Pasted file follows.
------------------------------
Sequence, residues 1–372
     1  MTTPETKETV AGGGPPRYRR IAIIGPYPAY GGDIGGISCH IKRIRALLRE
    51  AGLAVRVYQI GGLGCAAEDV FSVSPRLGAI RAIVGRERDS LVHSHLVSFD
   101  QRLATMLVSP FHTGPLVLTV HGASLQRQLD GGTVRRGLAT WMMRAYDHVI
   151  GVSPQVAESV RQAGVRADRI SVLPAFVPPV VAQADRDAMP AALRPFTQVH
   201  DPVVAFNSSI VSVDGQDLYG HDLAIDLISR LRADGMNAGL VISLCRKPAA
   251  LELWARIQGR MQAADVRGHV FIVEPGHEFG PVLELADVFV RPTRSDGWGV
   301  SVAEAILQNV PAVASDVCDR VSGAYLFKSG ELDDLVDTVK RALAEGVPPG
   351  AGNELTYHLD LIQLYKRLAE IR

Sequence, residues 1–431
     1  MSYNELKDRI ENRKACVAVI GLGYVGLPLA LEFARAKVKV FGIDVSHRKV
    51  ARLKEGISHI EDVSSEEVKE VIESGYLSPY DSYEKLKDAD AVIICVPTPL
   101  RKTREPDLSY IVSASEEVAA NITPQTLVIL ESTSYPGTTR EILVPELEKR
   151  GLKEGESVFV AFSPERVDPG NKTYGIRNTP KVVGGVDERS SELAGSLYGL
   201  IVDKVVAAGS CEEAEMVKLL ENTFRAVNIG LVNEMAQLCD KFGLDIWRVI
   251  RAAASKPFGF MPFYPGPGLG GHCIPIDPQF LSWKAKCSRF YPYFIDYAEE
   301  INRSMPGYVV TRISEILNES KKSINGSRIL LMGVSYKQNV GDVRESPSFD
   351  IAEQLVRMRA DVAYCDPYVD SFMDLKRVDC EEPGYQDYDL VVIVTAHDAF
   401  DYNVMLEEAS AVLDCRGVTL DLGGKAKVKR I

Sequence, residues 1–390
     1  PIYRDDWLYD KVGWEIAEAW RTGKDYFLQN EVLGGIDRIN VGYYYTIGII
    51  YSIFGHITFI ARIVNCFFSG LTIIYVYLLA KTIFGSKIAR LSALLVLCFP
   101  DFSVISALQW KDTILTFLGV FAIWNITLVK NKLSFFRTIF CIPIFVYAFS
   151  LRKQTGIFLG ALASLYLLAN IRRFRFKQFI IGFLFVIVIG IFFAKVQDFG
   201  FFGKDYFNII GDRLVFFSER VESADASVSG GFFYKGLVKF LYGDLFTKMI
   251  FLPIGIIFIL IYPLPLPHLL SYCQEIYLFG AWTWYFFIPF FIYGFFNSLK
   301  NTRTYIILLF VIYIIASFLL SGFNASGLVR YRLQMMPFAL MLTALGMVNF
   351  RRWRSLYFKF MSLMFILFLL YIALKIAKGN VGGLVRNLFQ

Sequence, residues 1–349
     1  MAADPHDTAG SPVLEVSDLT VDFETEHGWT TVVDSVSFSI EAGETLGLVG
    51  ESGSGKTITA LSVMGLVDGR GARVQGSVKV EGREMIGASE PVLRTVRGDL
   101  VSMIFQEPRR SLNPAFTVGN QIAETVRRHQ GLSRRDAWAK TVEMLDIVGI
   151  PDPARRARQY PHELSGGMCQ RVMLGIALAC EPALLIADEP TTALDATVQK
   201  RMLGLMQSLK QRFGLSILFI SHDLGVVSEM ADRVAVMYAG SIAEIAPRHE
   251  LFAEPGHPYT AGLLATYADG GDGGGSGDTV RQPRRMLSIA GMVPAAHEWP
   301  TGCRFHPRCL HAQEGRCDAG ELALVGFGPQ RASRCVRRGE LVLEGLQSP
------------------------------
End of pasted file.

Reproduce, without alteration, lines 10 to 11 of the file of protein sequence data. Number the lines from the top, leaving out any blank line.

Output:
Sequence, residues 1–431
     1  MSYNELKDRI ENRKACVAVI GLGYVGLPLA LEFARAKVKV FGIDVSHRKV